I have wanted to visit The National Baseball Hall of Fame for fifteen years now, and I finally got my chance on the way home from our New England motorcycle roadtrip. To learn more about my love for baseball, check out my post about Fenway Park.
The first thing I recommend you do when you arrive is watch the “multimedia presentation” called The Baseball Experience. The seats in the theater are set up to look like a grandstand surrounding a baseball diamond. And the show began with a voice that gives me chills- Bob Sheppherd, the iconic announcer of Yankee stadium, who eloquently and articulately introduced Yankees from DiMaggio and Mantle to Tino and Jeter. Seriously, look up some of his introductions on YouTube and tell me if you have ever heard a baseball lineup said with more grace and class.
The video was a really cool intro to our experience at the museum. We followed it by visiting a locker room type of display, with each locker representing one of the major league teams. They showcased a few cool artifacts from the most recent season as well as notes on the teams’ championships. A few teams have zero while my Yankees hold a commanding lead with 27!
We took a hop way back in time with an exhibit about baseball’s humble beginnings. Crazy to think that the gloves and other modern equipment that players use today evolved from such cumbersome early designs. The game was played a bit differently back then though, and ball clubs operated differently too.
George Herman Ruth, better known as Babe, has a large collection of displays all to himself. Arguably one of the most iconic players in history, he has an incredible story both on and off the field. Most baseball fans know the story of his historic trade from Boston to New York and the legendary “Curse of the Bambino”. But many may not know other interesting facts about his life and career. Did you know he was actually suspended 1922 for disobeying league rules concerning off-season activities? Or that he actually began his career as a pitcher? Or how about that he was actually one of the first five players elected to the Hall of Fame? He also felt a dear connection to the reformatory school he attended as a boy, and in his years of fame and fortune he treated them well.
Pride and Passion: The African American Baseball Experience was a riveting exhibit. Jerseys, baseballs, bats, letters, and photos tell the courageous story of Jackie Robinson’s journey from the Negro Leagues to the Brooklyn Dodgers, breaking down barriers and paving the way for so many greats. One of those greats is, of course, Hank Aaron, who has his own exhibit honoring his chase for Babe Ruth’s home run record, complete with a video screen showing a clip of the historic homer.
“That ball is gonna be… outta here! It’s gone! It’s 715! There’s a new home run champion of all time, and it’s Henry Aaron!”
That bit of audio, spoken by Milo Hamilton takes me right into that moment as though I was listening as it happened live. A row of baseballs lined the wall, representing the home runs that got Aaron to that historic point. The record has since been broken, but that doesn’t take anything away from the grandeur of the moment. Mr. Aaron is a legend, and the exhibit honoring his milestone at the Baseball Hall of Fame represents him deservingly.
My absolute favorite part of the museum was called Diamond Dreams. It detailed the women of baseball, from the girls of the World War II era All-American Girls Professional Baseball League to the few women who have succeeded in both modern and not-so-modern minor league play. Admittedly, my interest in this part of the museum comes just as much from one of my favorite movies as it does from being a female athlete. A League of Their Own, a 1992 film starring Tom Hanks, Geena Davis, and many other famous names, is in my top ten favorite films ever. It tells the story of a very interesting time in history, when a women’s baseball league was formed in order to keep people entertained on the home front while many male baseball stars were off fighting the war.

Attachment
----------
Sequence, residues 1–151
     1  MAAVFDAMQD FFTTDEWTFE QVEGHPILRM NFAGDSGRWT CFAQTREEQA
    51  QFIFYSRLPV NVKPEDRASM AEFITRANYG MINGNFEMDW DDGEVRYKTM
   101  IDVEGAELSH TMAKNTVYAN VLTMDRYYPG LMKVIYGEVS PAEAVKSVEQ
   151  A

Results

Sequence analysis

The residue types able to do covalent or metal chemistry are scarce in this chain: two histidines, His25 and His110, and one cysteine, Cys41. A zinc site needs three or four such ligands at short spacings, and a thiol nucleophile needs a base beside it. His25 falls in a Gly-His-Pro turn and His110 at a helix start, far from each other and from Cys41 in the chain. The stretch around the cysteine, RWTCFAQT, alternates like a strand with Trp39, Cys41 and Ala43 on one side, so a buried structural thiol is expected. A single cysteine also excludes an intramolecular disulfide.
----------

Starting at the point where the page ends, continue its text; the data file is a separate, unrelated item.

Costumes from the film as well as real uniforms worn by real players were on display. The exhibit also touched on females present in baseball’s corporate offices as well as softball, which has come to be known as the “female baseball”. I think I spent more time in this exhibit than in any other!
We wandered through many other exhibits including one which told the story of baseball’s journey in Cuba and throughout the Caribbean, another which profiled baseball scouts and their famous scouting reports, a whole room dedicated to “sacred ground” (the ballparks of past and present), a large collection of art and photographs featuring the sport… there is even a small exhibit all about baseball in films! I took a class called Sports Films in college as part of my film studies minor, and we watched four movies that were detailed here (A League of Their Own, Field of Dreams, Eight Men Out, and Soul of the Game, all highly recommended).
This is all before even mentioning the grand finale- the Hall of Fame Plague Gallery, where each of the hall of famers is honored with a bronze plaque.
If you are a baseball fan, this museum is a must see. The exhibits are interesting and accessible, with lots of signage for explanations and good photo opportunities. So many truly talented men and women- players, coaches, announcers, writers, scouts, owners- are showcased so wonderfully here.
Just a few days ago, we found out that the baseball world had lost a legend- Yankee catcher Yogi Berra passed away at the age of 90. Though I somehow missed his plaque in the gallery, you can see from the photo below that my visit was not Yogi-less. The quote featured here is just one of Yogi’s many quirky sayings that simultaneously make no sense and so much sense. Click on the link under the photo to learn about his storied career- and then click around the Baseball Hall of Fame website to plan your visit.